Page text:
Any business worth their salt knows that they need to move with the times. But with fewer processes and less to lose, smaller businesses can more easily sail with the wind – when it changes.

Big budget campaigns and heavily developed products are benefits of bigger businesses, but increased agility is something that a smaller business can enjoy with much less disruption.

 

Embrace the startup culture

Start up business

Between the shop local / totally locally movement, and ‘grassroots’ being the buzzword of the moment, small businesses are enjoying a recent flurry of support.

More and more people are backing the startup culture and investing in newer ventures, which is helping to craft a more colourful and varied marketplace for customers.

Although customer loyalty is a strong aim for any business, the opportunity exists for small businesses to benefit from those customers who find themselves shopping around.

Arriving on the scene with a story, and communicating it well, is the best way to lay a foundation for your business.

It’s that communication that will capture people’s attention, which you can then nurture as it turns into support.

Taking a cue from startup culture doesn’t have to mean casual working and anti-corporate processes – it has even gotten a bad reputation for coming across as ‘all play and no work’.

But that reputation doesn’t define the culture as a whole, and there are plenty of benefits to be enjoyed when a small business embraces a modest, grounded beginning.

 

Be more social

Facebook marketing

As a small business, social media can be your best friend.

With a great social strategy, SMEs can use social media to get their name out there, without the backing of a huge team.

Content planning and effective posting can get your message across and grow your following, without the need for a huge marketing budget.

There are plenty of social media success stories to inspire your approach, with companies using it to offer above and beyond service, to create loveable brands and to engage with customers as effectively as possible.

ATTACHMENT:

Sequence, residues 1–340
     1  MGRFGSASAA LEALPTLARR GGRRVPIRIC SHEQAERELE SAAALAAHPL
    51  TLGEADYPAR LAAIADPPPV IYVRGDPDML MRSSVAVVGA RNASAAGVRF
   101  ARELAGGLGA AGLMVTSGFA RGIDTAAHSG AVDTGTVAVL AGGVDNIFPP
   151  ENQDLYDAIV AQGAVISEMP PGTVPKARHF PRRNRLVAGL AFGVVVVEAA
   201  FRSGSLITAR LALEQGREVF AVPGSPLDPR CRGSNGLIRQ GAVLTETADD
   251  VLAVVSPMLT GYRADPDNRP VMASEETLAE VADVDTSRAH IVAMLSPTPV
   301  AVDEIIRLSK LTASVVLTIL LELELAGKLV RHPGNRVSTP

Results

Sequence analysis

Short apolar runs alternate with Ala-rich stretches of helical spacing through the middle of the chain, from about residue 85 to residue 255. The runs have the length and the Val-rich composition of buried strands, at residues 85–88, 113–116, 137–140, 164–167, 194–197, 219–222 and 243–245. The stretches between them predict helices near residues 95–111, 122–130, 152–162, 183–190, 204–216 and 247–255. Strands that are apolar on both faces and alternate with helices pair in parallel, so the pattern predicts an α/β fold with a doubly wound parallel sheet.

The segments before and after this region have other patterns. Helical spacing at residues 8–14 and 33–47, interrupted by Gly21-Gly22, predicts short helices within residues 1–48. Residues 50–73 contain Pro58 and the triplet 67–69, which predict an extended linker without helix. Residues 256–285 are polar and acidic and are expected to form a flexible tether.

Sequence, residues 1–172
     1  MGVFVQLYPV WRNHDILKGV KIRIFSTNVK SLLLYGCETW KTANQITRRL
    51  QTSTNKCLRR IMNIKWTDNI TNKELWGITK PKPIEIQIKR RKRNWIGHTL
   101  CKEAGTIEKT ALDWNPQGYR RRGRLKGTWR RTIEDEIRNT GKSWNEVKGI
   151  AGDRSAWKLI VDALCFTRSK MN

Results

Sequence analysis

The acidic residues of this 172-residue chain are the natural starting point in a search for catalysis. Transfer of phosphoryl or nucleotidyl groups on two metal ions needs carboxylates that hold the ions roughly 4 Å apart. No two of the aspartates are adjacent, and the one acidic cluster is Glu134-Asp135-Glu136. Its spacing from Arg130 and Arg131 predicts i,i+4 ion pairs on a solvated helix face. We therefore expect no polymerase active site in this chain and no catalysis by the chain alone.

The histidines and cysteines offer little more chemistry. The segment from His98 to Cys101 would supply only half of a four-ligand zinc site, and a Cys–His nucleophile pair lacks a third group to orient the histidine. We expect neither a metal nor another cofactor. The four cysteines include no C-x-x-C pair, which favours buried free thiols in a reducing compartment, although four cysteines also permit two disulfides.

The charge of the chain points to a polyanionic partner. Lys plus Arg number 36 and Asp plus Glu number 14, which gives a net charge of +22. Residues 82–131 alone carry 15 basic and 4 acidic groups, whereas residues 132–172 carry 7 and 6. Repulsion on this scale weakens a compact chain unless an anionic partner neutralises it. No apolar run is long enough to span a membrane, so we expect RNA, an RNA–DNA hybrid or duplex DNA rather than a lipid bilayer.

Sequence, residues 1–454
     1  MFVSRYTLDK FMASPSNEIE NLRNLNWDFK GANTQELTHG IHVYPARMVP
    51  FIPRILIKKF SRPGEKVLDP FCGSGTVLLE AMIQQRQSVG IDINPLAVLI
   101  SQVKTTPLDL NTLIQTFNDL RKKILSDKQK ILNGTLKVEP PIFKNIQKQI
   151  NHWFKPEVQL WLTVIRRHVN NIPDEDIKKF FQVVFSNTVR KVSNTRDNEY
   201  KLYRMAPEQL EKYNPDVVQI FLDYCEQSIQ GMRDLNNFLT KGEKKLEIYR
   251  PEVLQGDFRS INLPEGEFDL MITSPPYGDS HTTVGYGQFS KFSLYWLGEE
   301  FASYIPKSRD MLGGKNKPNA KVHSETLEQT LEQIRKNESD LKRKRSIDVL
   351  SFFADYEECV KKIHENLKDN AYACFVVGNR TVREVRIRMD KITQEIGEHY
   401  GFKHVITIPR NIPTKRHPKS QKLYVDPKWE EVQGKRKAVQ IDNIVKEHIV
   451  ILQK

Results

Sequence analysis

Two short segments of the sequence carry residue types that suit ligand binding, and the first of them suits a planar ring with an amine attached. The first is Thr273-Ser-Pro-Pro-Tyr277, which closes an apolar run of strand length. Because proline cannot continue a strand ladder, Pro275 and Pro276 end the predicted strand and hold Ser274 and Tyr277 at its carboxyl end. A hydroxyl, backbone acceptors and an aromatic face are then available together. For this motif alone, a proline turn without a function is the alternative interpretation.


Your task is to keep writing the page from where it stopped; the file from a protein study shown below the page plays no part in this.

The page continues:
There is no black and white rule to using your social channels, but the key is to find out how they can serve you.

 

Conclusion

While the big guys may have the muscle, there are plenty of ways to shine as a smaller business.

By taking the time to refine your strategy, hone your passion and really impress your market, you can lay a solid foundation for unprecedented growth.

Purpose and passion will always be a part of your offering, but they can be much less affected by noise in the early stages.

So tune into them and let them fuel your development. You have the chance, as a smaller set-up, to keep a tight hold on your reputation making sure it grows in the right direction.

For a small business in a competitive world, there are many opportunities to level up the playing field.

With creativity, character and charm, you can stand out amongst the bigger names and even use size to your advantage.

While the big dogs may have the presence, there’s plenty of fight in the little ones – more than enough for the win.

The following two tabs change content below.
Ian is the founder of Opportunity Marketing marketing, with over 18 years of experience in successfully setting up marketing departments, creating marketing strategies and implementing these strategies across a wide number of SME companies in both the B2B and B2C sectors through a variety of channels.